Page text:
Germany and Merkel find feet as EU's reluctant leaders

Angela Merkel with PM David Cameron in Feb 2015 Image copyright Getty Images

"You can choose if you want to take your boots off or not," the burly official at Berlin airport security told me.

"But won't they beep as I walk through the metal detector?" I asked

The official raised his eyebrows, shrugged and said somewhat disingenuously, "It's up to you. You decide."

I looked at the machine, thought what a bore it would be to have to go through twice and, of course, took the boots off.

The official was silently smug.

A perfect example of German consensus politics.

Unlike the UK, where the political scene is combative, and confrontational - viewed at home as a sign of a healthy democracy - the political system in Germany after the war was designed to make it virtually impossible for the star of any single party to shine too brightly and to necessitate working together across party lines. Political processes are slow.

The British may think that boring.

Most Germans find it comforting bearing in mind their country's uncomfortable past.

Foot-dragging

When Angela Merkel first became chancellor of Europe's largest economy she liked to speak of the politics of Small Steps.

In Berlin this week I found myself thinking how, in the 10 years since, those have turned into Large Strides.

With a lot of foot dragging along the way.

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Image caption In Greece, some of the rage felt by anti-austerity activists has been directed to Angela Merkel personally

When it comes to the summit of the EU's 28 leaders in Brussels this week, Angela Merkel is the undisputed queen.

But she wasn't too keen to wear the crown.

When the economic crisis hit the eurozone seven years ago, Germany did not spring into action.

Mrs Merkel was unceremoniously shoved - by the financial markets, by European institutions, by fellow eurozone members and Germany's close friend, the US, to take the initiative.

To lead.

Much has been made of the fact that the word for leader in German is Fuehrer.

A word which became synonymous with Hitler.

Post-war Germany has felt most comfortable as part of wider alliances - the EU, the eurozone, the UN, and Nato.

But I now find the country growing accustomed to its new role as leader of, rather than just one of, the pack.

After news broke this week that Chancellor Merkel had asked the Greek prime minister to Berlin next Monday, German media revelled in speculating whether Alexis Tsipras had been invited or summoned.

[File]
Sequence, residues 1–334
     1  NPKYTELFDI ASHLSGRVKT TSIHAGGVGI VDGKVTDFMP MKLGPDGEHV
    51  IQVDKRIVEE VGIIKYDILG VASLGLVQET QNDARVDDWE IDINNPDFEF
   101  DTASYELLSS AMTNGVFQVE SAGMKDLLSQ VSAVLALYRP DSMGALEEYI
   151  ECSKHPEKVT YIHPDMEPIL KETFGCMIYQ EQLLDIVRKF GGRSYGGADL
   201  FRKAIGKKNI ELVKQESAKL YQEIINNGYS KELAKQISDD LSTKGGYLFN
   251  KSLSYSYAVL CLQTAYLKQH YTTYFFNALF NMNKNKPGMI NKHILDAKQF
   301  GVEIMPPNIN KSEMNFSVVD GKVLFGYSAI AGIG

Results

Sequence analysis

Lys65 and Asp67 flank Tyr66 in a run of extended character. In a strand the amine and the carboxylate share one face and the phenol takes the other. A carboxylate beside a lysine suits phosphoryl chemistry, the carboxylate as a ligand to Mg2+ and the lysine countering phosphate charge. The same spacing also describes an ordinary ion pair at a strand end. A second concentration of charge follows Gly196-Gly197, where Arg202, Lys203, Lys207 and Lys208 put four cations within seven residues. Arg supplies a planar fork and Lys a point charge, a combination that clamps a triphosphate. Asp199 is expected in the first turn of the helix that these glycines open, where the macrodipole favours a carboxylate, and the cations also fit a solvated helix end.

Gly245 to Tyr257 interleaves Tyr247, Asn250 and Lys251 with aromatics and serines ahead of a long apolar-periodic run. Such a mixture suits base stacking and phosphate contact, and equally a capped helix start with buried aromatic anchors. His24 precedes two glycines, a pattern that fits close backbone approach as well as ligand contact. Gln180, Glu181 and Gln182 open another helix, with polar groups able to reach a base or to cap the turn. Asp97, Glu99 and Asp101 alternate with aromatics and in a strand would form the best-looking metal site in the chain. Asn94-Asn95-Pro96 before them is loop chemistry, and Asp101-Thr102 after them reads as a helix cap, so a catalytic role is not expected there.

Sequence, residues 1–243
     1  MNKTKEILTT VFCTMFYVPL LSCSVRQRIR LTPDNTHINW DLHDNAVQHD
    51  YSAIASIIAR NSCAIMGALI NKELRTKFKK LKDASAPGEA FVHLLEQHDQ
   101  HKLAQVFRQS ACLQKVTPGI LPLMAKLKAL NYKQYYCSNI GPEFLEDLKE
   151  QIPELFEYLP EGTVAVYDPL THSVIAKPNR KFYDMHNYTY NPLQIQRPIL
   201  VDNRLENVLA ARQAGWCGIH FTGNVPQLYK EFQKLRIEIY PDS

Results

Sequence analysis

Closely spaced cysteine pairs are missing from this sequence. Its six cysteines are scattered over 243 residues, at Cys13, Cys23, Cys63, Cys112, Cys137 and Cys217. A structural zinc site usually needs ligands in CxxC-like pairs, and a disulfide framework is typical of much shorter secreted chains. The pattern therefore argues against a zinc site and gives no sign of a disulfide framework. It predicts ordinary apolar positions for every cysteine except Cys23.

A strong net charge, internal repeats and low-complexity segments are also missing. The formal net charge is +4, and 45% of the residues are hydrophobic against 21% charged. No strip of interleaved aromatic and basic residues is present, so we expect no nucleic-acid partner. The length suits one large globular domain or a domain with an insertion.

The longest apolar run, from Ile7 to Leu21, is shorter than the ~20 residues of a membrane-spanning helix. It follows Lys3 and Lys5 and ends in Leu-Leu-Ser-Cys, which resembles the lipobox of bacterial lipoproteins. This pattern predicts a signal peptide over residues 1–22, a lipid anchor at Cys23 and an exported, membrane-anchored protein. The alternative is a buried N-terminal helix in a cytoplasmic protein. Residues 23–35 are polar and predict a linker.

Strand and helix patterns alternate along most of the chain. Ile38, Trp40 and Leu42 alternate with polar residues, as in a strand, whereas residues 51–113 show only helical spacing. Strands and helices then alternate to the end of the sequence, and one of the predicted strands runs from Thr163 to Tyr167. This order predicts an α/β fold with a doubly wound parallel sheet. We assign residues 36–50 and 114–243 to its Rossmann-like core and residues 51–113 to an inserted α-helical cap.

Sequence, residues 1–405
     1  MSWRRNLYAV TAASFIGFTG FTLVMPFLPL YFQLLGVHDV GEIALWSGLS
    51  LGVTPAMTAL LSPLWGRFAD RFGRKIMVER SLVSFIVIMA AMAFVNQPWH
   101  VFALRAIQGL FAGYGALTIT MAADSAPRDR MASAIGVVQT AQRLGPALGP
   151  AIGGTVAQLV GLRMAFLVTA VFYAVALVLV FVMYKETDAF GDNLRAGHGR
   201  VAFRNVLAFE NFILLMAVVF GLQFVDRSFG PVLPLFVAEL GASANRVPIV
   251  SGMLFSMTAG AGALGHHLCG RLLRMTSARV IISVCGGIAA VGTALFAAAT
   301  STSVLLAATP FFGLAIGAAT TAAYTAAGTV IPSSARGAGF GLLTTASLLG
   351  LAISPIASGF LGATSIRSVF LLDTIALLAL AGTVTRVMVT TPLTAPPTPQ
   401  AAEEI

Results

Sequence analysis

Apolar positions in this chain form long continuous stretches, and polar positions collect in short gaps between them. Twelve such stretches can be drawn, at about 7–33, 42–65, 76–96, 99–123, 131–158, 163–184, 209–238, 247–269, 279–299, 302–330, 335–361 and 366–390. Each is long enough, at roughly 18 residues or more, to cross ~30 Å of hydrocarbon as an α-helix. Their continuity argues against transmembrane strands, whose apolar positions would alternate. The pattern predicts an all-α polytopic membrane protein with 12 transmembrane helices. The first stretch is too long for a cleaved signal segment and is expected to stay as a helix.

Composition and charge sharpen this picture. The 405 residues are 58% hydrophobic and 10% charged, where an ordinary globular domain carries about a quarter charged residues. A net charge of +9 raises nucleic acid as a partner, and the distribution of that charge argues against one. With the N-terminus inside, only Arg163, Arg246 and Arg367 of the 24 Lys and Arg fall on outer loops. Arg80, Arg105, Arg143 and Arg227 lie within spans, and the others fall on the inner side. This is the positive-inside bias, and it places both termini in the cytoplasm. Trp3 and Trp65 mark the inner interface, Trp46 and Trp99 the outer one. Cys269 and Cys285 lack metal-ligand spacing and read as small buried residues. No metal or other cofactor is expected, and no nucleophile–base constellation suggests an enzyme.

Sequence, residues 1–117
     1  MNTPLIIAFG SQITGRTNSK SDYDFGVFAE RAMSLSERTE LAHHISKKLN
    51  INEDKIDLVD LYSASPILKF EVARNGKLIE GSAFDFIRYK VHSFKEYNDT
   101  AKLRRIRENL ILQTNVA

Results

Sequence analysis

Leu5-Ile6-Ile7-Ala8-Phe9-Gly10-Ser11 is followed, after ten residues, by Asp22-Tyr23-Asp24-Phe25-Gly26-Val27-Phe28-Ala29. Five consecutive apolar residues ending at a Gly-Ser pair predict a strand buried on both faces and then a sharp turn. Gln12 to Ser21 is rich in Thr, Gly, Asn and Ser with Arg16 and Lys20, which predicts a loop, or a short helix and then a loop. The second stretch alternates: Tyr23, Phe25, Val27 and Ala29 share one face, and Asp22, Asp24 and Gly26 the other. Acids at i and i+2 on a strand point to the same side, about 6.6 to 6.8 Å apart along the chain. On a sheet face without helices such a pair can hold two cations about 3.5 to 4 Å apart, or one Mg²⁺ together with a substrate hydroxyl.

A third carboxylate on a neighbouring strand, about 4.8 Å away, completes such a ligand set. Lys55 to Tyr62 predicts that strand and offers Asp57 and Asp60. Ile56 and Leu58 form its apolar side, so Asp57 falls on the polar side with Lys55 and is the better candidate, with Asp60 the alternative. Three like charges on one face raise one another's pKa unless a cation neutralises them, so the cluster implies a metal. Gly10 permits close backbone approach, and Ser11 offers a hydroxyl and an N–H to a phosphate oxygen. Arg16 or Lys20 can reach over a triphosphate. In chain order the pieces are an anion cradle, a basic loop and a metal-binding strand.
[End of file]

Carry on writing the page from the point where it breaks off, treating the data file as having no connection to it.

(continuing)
And while Russia is clearly a number one concern for all the EU and for the United States, it is the German chancellor taking the lead on the diplomatic stage.

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Image caption Angela Merkel is fluent in Russian, which reportedly affects the style of negotiations with Vladimir Putin

France, of course, has appeared alongside Germany in hammering out the Minsk agreements with Russia but I have it on good authority that, whereas the hours-long diplomatic phone calls between Vladimir Putin, Angela Merkel and Francois Hollande tend to begin with each person speaking in their mother tongue, after a while Mr Putin and Mrs Merkel slip in to Russian, leaving their French colleague rather to one side.

Mummy's in charge

Angela Merkel is a dedicated European.

One does sometimes wonder, though, when she is acting in the interests of the EU and when the hat she wears is made in Germany.

In the debate about sanctions against Russia, for example, Mrs Merkel is far less hawkish than Poland, the UK or the Baltic states.

Is that because she wants to leave room to encourage Vladimir Putin or is it because tougher sanctions would be too painful for the many German businesses with close ties to Russia?

Her austerity policy as a one-solution-fits-all answer to the eurozone crisis has also met with increasing criticism.

But the EU accepts it is now led by a German and that is pretty remarkable. The European Union was conceived as a means of containing Germany after World War Two.

It is also quite something that Germans, who have spent decades growing up in the shadows and with the guilt of two world wars, are now more at ease with their country's modern-day leadership role.

A lot of that has to do with the figure of Angela Merkel.

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Some Germans call her Iron Angie but she is also known at home as "Mutti" (Mummy).

A strong leader, but at the same time unthreatening: partly because of her clothes, her manner of speaking, her rather awkward demeanour in public.

But this is Mrs Merkel's third term in office.

She may not run again in 2017.

Finding another German leader, who can walk the precarious diplomatic tightrope as skilfully as Mutti won't be easy.

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